Masters of peddling the drug known as nostalgia, Netflix unveils a new show based on Anne of Green Gables. It’s excellent unless you’re a stickler for the source material. Anne with an E as Netflix calls it is a period piece taking place in the early 20th century. Based on a beloved novel from Canadian author Lucy Maud Montgomery, the book is a classic taught to young adults all around the world. So, though Netflix is a master at creating shows that get viewers high on nostalgia, there’s always a measure of risk. How will people deal with changes to the source material and will those changes make or break the show?
If you’re not familiar with the novel (full disclosure: I was not), let’s get up to speed. Anne Shirley is an incredibly smart orphaned girl who’s bounced from homes to orphanages for most of her young life. Elderly siblings Marilla and Matthew Cuthbert run Green Gables, a farm that’s slowly becoming too much for them to handle. The siblings request a boy to help, but Anne is accidentally sent instead. From there on out, the young orphan is doing everything she can to keep her new life which includes school, friends, boys, and lots of imagination.
Hardcore purists, most likely, won’t like Anne with an E.
Anne with an E and the story from which it comes is entirely carried by Anne Shirley. So, without an actress capable of making the fast-talking Anne charming and inviting the show would collapse quickly. Here, Anne is played by Amybeth McNulty who does a phenomenal job. Anne is a girl far too smart for her age. Because of that, Anne says and does things in a way that’s almost alien. McNulty effortlessly spews out dialogue which is often both long and filled with big, complicated words. McNulty’s bright eyes, smile, and ability to exude Anne’s incredible imagination is simply fantastic and deserves recognition.
The rest of the cast is solid and features many veteran actors. Geraldine James (Sherlock Holmes, 2009) plays Marilla Cuthbert, Anne’s stodgy adoptive mother. Delila Bela, who is Anne’s best friend, Diana, though only 15 years old, is also a veteran with appearances on the CW’s The 100 and Tomorrow People, as well as Diary of a Wimpy Kid, Grave Encounters 2, and Once Upon A Time (Young Guinevere).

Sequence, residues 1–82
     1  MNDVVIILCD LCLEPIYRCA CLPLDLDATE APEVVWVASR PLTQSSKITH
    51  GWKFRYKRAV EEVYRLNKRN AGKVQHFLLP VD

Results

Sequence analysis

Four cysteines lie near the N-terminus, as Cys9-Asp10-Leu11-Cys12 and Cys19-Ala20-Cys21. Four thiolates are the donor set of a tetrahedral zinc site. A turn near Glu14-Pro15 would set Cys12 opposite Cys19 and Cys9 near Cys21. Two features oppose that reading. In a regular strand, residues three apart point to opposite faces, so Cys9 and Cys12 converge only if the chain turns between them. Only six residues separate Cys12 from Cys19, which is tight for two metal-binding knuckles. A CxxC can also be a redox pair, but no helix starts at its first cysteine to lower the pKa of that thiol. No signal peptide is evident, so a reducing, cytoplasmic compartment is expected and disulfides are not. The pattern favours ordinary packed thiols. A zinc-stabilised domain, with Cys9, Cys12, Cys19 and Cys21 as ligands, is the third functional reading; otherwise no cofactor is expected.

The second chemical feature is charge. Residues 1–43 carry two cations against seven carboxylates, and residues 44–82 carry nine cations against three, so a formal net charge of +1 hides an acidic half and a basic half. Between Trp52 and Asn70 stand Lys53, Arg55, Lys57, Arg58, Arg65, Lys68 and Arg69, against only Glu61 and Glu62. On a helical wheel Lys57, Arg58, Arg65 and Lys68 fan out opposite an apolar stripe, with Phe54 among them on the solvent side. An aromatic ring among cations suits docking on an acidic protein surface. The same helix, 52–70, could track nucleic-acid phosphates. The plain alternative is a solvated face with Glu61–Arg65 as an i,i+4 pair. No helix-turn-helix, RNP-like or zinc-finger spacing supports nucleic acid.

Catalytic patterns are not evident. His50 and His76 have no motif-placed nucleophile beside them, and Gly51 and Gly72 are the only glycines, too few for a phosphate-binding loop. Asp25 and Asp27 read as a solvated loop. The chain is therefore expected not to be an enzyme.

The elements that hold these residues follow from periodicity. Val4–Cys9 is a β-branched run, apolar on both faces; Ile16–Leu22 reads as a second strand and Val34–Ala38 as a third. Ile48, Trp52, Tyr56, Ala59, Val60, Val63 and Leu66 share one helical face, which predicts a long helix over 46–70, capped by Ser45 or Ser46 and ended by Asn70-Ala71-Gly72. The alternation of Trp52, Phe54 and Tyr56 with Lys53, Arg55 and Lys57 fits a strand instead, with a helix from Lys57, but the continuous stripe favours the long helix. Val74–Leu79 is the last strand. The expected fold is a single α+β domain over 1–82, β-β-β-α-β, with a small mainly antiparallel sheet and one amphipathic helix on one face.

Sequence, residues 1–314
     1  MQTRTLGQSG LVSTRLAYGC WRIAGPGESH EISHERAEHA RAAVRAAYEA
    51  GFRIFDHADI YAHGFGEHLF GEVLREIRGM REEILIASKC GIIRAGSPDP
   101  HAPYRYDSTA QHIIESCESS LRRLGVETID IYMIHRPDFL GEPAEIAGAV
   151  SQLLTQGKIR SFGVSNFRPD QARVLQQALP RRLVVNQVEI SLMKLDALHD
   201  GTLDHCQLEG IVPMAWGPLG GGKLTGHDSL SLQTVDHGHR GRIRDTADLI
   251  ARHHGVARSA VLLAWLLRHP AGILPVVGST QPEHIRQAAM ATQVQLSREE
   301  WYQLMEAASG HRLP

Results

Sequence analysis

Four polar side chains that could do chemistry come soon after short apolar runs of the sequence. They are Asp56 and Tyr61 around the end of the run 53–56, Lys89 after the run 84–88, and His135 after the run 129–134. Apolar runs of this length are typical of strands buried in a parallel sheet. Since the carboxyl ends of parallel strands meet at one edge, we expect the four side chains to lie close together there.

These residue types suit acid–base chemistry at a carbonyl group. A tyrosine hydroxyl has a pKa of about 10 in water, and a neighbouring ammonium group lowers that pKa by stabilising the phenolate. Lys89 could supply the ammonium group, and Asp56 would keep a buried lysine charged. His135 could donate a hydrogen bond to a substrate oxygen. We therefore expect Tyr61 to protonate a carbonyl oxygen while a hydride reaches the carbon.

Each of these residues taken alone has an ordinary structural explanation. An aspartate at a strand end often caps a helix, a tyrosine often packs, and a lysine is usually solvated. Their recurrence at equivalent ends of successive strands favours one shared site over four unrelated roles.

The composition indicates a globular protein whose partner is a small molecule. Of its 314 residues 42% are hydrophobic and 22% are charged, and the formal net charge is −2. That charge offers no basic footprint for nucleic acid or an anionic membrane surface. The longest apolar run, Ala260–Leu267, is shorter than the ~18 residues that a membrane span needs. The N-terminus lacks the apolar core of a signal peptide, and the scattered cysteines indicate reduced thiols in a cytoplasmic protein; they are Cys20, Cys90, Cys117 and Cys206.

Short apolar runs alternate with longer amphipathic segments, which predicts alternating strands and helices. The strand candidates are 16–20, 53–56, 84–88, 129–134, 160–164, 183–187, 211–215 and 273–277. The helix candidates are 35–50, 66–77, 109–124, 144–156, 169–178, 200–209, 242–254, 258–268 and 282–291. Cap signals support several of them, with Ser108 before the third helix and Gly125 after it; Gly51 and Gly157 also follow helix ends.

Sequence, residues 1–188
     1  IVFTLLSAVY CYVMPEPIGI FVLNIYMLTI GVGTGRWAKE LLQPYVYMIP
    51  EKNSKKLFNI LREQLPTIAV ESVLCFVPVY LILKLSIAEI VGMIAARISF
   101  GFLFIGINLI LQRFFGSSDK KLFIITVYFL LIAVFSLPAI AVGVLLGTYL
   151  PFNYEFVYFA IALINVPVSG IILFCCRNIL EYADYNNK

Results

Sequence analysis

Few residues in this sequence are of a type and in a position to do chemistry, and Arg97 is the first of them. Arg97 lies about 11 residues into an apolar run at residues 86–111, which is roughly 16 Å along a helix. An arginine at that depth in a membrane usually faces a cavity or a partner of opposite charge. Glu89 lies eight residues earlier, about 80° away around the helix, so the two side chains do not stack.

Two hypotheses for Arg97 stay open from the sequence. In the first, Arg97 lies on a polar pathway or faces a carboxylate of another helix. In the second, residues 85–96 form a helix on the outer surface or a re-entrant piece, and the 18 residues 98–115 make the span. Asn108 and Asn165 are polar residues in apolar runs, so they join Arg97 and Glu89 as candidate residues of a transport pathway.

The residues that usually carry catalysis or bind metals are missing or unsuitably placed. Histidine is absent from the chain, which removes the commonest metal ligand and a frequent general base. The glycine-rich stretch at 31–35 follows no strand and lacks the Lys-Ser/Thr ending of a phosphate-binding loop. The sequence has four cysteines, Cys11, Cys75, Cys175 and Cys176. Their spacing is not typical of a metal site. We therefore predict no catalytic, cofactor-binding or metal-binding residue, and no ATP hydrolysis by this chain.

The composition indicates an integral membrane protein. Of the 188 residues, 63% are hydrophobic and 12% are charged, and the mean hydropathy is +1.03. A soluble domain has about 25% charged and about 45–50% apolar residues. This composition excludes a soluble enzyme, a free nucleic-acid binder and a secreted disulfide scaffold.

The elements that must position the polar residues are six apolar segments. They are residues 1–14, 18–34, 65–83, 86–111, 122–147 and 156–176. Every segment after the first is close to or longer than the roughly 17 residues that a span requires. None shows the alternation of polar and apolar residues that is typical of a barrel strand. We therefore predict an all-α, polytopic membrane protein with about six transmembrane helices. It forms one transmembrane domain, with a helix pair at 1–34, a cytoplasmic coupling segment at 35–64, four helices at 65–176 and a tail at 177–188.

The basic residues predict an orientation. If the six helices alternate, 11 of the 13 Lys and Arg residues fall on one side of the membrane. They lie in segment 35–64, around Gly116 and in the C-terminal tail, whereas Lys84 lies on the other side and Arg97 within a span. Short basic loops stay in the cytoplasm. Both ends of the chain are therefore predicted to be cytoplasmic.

Gritty is a matter of perspective.
Many reviews on the new show complain about the gritty aspect of this version. Anne provides a healthy mix of fun, provided by McNulty’s flights of fancy and whip-smart dialogue and plenty of drama. There’s a bit more focus on Anne’s past trauma that’s revealed through brief flashbacks. Of course, our sense of gritty here at Monkeys Fighting Robots is Batman V. Superman or Logan. Gritty is a matter of perspective.
For eight episodes, the Netflix show provides plenty of great moments, both sad and triumphant. And like any good show, it ends on a cliffhanger that’s certain to pave the way for a “grittier” second season.
Hardcore purists, most likely, won’t like the new Anne with an E. It’s no different than Star Trek fans who aren’t into the new direction of the franchise or Batman geeks who weren’t excited about Bats’ propensity to murder people. But it’s a well-produced series, updated in just the right ways for modern viewers with a stellar cast. Nostalgia or not, Anne with an E is well worth a binge-watch.